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A GSLB Reality Check

Multiple data centers lessen that risk. A secondary data center can serve as a backup or hot standby site, or you can use it to share the load of client requests. If one data centers fails, you can redirect clients to another that works. One way to do this is to modify your authoritative DNS server so that it monitors the health of each data center. There are freely available scripts for BIND and other types of DNS servers, but GSLB products from Cisco Systems, F5 Networks, Foundry Networks, NetScaler, Nortel Networks, Radware and others provide the same benefit. Such GSLB devices act as authoritative name servers.

Say is hosted at data centers in Los Angeles and London, with IP addresses and, respectively. A GSLB device monitors the health and load of each data center using a simple ping test, periodic HTTP get requests, or a more advanced interrogation based on SNMP or a proprietary protocol between the GSLB device and the equipment at the data center. When a client attempts to resolve the FQDN (Fully Qualified Domain Name), that request eventually arrives at the GSLB device. (For an overview of DNS resolution in GSLB, see "Step by Step," at far right.)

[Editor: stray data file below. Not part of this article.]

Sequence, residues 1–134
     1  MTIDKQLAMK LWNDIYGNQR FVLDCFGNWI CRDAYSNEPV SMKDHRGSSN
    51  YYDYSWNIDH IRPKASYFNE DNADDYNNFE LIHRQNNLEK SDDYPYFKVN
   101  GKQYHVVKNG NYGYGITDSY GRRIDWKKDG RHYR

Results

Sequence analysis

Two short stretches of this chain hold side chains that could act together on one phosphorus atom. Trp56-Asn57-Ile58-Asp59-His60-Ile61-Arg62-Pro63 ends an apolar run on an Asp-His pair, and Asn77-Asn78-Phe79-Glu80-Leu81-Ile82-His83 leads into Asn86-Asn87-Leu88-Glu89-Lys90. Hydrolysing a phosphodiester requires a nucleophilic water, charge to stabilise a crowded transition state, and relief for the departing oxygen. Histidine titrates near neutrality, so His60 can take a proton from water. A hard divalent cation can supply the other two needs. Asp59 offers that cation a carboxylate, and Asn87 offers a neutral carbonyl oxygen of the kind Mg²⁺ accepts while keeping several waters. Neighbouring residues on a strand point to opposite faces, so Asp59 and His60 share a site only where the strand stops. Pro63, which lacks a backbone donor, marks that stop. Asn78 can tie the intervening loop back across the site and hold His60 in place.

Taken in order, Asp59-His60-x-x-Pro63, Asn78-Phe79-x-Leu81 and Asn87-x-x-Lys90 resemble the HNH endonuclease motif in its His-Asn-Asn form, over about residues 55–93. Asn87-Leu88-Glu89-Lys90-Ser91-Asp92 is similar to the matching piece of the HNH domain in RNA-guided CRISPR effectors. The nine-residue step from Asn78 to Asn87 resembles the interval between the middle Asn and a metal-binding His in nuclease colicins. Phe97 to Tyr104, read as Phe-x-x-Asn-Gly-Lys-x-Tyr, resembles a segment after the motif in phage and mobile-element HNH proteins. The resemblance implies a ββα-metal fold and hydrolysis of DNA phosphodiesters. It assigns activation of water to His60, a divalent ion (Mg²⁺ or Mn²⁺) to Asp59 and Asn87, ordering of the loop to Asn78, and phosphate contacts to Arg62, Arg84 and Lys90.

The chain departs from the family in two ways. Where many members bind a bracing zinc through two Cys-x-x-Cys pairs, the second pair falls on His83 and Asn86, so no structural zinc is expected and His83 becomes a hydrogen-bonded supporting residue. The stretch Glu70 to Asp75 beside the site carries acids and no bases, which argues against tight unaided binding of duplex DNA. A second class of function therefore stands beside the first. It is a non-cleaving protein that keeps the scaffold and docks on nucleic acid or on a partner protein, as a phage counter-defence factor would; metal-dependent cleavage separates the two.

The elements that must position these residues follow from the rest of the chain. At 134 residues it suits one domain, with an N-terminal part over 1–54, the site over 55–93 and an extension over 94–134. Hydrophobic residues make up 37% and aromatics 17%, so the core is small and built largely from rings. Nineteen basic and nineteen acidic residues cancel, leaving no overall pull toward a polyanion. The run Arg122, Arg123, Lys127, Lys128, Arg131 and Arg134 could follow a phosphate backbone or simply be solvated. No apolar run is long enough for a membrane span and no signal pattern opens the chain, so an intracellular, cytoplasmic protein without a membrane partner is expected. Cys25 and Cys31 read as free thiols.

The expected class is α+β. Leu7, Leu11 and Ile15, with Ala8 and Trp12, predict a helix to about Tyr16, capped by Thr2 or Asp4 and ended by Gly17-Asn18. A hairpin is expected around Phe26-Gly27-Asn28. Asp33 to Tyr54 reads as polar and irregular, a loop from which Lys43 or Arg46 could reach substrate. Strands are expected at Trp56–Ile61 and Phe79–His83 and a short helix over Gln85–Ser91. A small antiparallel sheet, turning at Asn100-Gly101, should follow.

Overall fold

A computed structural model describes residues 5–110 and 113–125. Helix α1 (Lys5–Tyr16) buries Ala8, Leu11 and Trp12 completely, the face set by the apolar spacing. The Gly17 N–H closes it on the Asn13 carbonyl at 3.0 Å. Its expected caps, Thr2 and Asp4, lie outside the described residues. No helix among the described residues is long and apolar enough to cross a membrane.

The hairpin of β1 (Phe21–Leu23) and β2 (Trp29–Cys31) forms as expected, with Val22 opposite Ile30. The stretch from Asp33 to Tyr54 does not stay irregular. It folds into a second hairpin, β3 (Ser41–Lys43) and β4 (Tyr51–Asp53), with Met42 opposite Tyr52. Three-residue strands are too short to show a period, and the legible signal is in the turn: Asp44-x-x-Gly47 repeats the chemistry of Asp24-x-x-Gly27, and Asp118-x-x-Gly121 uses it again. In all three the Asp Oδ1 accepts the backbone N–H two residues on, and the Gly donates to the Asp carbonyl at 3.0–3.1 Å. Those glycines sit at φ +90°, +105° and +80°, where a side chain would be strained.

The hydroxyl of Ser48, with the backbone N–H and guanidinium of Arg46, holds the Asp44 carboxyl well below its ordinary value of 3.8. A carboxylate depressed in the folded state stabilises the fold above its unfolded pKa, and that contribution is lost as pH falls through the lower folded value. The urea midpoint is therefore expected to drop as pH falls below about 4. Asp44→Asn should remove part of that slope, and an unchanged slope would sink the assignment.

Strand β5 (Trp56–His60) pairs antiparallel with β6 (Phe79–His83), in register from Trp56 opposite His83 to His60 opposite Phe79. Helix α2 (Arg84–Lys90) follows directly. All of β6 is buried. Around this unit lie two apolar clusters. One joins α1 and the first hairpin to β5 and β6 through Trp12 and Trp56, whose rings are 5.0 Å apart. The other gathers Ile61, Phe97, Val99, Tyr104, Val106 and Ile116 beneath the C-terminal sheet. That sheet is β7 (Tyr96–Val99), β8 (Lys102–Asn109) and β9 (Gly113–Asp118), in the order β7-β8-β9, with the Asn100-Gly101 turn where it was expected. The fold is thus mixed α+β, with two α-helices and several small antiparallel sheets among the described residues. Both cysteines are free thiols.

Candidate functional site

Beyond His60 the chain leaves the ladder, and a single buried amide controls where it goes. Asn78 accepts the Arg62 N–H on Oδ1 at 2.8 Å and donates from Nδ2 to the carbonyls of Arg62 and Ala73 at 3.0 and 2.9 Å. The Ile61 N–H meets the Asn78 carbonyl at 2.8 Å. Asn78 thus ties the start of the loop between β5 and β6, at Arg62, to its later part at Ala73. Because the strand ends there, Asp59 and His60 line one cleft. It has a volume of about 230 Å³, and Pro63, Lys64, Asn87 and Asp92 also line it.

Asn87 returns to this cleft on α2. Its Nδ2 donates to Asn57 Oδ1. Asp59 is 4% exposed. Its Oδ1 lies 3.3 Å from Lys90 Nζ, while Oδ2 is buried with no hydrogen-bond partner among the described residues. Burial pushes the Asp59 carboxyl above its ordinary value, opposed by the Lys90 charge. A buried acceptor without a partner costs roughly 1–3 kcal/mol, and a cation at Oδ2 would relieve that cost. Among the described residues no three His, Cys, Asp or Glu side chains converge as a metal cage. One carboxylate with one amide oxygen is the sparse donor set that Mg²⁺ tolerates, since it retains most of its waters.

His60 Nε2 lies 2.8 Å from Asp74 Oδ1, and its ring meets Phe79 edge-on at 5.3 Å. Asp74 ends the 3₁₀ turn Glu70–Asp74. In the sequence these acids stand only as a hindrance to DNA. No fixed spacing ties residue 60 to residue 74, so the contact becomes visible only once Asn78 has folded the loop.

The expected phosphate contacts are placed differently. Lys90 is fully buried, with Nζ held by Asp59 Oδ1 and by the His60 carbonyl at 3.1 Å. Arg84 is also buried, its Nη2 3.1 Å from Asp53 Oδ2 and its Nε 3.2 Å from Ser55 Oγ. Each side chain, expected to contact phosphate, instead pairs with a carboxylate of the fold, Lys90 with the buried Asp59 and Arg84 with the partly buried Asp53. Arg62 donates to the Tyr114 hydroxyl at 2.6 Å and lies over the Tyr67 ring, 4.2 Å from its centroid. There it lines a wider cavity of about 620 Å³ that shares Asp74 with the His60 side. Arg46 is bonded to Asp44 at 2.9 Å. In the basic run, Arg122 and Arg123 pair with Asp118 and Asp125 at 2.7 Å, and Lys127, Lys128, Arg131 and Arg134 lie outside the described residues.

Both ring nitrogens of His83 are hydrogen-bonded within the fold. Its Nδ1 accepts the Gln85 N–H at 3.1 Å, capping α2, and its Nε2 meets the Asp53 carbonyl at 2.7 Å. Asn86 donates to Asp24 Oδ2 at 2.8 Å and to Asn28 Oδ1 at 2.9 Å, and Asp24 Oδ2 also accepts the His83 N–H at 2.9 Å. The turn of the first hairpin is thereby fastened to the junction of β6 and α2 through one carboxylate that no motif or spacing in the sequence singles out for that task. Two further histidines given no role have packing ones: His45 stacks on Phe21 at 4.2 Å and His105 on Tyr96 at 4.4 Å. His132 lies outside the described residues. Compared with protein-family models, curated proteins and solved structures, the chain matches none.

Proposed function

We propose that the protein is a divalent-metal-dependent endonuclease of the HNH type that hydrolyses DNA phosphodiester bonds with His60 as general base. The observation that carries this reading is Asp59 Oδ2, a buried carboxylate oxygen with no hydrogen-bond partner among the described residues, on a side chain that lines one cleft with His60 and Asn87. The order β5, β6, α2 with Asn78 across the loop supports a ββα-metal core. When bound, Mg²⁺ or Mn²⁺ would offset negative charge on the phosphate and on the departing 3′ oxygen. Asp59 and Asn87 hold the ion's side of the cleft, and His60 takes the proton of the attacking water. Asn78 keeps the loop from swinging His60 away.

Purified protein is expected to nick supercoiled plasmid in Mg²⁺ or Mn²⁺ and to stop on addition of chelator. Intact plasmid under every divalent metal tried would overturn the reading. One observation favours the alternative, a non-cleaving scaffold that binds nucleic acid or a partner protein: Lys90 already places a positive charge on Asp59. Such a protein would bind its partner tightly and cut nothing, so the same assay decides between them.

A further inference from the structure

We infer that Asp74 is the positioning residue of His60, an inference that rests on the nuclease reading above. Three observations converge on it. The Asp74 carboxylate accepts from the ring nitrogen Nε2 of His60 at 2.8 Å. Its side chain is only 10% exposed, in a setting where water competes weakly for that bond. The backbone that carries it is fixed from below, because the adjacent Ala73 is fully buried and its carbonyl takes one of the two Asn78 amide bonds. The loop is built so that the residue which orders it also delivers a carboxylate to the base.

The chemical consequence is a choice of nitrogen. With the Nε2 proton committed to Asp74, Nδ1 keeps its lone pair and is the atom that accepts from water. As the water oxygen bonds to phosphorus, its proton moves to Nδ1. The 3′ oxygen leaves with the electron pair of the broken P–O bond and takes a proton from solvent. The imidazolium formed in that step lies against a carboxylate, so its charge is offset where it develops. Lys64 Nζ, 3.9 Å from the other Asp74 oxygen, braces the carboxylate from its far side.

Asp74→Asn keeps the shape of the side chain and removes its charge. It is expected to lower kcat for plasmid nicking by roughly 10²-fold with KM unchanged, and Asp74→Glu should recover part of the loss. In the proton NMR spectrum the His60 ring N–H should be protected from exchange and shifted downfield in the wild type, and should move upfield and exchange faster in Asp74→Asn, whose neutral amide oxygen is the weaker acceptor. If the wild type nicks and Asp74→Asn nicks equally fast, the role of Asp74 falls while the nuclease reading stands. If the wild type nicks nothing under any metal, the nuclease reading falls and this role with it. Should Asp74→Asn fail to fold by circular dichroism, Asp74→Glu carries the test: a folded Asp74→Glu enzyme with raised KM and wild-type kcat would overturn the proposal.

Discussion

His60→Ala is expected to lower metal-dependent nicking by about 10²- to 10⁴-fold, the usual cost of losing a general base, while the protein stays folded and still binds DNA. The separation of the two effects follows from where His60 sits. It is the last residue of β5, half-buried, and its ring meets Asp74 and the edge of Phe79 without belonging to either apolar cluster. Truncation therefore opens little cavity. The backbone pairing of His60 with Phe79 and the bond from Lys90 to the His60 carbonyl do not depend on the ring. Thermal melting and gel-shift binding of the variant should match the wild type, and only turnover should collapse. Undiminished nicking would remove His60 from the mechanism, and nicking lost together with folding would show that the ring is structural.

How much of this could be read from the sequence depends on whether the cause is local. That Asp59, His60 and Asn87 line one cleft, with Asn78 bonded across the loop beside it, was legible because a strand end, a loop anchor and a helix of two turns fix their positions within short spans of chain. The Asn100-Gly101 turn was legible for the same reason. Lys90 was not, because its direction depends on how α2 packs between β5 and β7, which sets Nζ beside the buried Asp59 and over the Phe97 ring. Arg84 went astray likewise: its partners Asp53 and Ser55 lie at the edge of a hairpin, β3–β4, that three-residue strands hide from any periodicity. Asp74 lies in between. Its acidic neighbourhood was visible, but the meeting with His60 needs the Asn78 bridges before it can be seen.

The GSLB device decides whether to direct the client to or to If it determines that the London data center has failed, it will direct all clients to the Los Angeles IP address until London is back up.

The Catch to Caching

DNS servers and GSLB devices can limit the life of an answer using the TTL (time to live) response parameter, which GSLB device vendors usually recommend setting to a low (or zero) value. Unfortunately, most browsers and some popular proxy servers ignore the TTL value, caching DNS answers for 15 minutes to six hours. This browser-based DNS caching hurts business continuity.

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